Are you using it to mean "Have we completed what we were doing?" If so, it's grammatically correct — and in fact is preferred to a competing construction, "Are we done?"
That said, it's also a bit ambiguous. For a lot of English speakers, especially non-Americans, to be finished means to be ruined, to have no chance of further success. It is primarily an American usage to use it synonymously with to have finished. And even for Americans, depending on context, a sentence like "We're finished" might mean either of those two things. If your business just burned down, you might reasonably look at your partner and say, "We're finished," meaning that you will not be rebuilding the business. On the other hand, if you and your partner have been working together on a project and you've just completed it, you might also then look at her and say, "We're finished."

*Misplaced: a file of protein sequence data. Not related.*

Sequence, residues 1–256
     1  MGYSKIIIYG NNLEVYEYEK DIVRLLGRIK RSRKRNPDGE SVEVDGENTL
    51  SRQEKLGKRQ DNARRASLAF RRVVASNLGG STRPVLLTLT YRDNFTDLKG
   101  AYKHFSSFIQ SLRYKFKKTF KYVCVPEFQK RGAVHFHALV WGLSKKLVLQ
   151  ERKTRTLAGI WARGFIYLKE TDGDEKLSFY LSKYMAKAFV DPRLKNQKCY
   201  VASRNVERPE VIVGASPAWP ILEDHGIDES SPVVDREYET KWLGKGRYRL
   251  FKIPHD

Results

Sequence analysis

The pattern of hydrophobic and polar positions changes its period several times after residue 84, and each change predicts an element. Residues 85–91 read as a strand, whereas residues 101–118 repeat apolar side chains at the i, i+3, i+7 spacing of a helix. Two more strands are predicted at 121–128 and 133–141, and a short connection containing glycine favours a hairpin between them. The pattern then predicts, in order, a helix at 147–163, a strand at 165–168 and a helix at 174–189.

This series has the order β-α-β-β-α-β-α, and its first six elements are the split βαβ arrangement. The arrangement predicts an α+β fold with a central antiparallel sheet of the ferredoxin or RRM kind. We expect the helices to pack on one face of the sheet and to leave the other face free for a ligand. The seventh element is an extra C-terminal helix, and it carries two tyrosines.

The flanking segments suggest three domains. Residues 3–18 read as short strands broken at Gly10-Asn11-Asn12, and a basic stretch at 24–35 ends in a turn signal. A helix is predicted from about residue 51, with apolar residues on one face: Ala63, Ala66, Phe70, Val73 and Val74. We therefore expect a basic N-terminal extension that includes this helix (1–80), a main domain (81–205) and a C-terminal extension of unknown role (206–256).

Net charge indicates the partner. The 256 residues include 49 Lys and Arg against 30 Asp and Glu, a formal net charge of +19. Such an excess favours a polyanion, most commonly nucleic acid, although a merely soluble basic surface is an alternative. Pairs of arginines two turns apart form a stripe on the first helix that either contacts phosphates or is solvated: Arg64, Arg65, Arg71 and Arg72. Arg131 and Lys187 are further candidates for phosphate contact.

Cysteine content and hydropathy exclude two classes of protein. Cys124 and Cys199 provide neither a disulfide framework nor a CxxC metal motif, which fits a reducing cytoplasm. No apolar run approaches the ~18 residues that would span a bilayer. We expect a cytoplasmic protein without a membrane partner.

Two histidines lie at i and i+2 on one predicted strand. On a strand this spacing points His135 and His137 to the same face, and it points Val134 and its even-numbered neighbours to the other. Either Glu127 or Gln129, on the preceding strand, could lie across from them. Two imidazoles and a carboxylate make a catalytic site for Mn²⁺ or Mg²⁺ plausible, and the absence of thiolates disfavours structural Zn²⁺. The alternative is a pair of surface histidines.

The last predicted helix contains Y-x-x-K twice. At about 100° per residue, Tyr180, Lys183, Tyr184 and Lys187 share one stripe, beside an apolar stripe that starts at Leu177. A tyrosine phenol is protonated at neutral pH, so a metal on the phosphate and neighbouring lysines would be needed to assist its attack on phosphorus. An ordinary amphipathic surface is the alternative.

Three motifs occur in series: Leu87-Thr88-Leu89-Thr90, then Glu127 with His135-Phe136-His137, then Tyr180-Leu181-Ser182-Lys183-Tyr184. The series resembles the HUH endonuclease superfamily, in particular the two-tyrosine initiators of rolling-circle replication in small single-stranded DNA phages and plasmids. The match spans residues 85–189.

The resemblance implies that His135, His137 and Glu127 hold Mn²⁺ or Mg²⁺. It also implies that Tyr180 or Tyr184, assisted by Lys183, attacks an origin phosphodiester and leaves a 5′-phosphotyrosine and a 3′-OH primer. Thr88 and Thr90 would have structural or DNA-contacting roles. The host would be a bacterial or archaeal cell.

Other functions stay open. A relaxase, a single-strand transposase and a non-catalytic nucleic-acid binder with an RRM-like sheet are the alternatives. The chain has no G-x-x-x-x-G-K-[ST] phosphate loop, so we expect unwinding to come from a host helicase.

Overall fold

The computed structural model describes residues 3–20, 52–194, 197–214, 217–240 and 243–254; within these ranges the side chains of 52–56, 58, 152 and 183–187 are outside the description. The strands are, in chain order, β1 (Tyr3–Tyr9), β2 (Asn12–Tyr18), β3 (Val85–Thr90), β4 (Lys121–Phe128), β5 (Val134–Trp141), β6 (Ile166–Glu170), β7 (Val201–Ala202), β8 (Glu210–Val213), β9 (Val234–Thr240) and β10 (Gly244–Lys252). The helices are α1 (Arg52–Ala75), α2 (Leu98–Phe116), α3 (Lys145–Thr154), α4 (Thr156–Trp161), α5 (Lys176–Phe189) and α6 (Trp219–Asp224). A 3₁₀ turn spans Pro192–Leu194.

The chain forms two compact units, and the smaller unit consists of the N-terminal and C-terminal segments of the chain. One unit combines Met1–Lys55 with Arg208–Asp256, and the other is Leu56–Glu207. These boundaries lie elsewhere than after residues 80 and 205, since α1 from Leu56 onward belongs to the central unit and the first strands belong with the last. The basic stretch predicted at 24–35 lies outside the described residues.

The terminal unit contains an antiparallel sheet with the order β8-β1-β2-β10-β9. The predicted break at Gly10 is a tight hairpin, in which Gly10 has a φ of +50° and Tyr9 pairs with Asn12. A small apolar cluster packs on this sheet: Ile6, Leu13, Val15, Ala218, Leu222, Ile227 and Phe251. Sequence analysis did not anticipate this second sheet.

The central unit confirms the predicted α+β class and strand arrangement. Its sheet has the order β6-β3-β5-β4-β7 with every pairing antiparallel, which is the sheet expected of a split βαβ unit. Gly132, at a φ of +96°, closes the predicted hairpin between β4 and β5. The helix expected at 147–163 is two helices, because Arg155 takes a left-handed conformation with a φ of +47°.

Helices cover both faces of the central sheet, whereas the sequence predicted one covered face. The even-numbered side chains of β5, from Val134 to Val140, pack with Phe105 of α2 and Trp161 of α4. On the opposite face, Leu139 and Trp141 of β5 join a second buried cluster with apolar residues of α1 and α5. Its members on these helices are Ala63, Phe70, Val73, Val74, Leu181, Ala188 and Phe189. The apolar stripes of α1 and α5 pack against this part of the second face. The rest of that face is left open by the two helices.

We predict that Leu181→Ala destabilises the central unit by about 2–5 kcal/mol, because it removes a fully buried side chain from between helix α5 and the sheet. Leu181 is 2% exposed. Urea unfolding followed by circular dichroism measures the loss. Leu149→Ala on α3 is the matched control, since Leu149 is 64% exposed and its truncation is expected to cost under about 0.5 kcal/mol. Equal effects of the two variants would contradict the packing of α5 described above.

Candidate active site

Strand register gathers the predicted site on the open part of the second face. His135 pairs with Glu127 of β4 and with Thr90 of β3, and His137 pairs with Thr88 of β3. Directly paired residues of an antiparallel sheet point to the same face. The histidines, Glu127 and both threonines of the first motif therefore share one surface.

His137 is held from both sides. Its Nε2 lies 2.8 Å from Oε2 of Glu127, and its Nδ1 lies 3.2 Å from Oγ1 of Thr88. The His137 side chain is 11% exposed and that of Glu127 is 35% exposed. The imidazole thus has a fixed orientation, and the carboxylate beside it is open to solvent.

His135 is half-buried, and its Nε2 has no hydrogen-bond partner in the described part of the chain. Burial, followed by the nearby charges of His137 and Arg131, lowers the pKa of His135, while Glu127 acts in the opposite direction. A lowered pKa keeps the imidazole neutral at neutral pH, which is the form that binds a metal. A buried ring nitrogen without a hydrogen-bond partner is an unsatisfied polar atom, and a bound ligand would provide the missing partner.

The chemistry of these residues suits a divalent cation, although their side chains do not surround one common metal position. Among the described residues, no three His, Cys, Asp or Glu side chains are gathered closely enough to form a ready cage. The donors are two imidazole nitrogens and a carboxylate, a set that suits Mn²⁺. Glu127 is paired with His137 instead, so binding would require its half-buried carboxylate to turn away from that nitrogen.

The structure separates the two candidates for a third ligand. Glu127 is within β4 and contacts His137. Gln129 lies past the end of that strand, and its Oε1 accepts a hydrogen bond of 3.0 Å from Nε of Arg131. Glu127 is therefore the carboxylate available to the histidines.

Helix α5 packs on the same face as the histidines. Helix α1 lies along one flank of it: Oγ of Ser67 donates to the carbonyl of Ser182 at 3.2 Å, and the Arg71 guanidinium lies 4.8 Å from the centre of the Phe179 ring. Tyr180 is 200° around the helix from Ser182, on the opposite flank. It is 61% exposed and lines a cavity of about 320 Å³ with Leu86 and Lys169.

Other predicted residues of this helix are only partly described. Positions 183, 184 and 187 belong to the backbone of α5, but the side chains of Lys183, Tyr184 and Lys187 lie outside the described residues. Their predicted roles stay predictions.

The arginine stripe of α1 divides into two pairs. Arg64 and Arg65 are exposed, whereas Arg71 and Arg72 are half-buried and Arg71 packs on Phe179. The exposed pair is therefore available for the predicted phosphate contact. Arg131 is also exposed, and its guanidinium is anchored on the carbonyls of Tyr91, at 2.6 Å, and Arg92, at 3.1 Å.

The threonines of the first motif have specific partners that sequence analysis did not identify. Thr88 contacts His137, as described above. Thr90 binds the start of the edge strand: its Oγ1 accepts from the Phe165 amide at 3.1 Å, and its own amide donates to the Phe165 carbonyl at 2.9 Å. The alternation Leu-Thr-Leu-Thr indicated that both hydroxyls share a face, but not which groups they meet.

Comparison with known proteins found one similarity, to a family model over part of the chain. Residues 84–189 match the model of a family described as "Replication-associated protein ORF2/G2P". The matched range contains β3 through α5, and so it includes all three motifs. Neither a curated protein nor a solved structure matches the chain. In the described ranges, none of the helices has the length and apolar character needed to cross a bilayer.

In either case, the grammar is correct. In the sense you're asking about, finished would literally mean in the state of having completed. In the other sense I've described, it's simply a passive form of finish.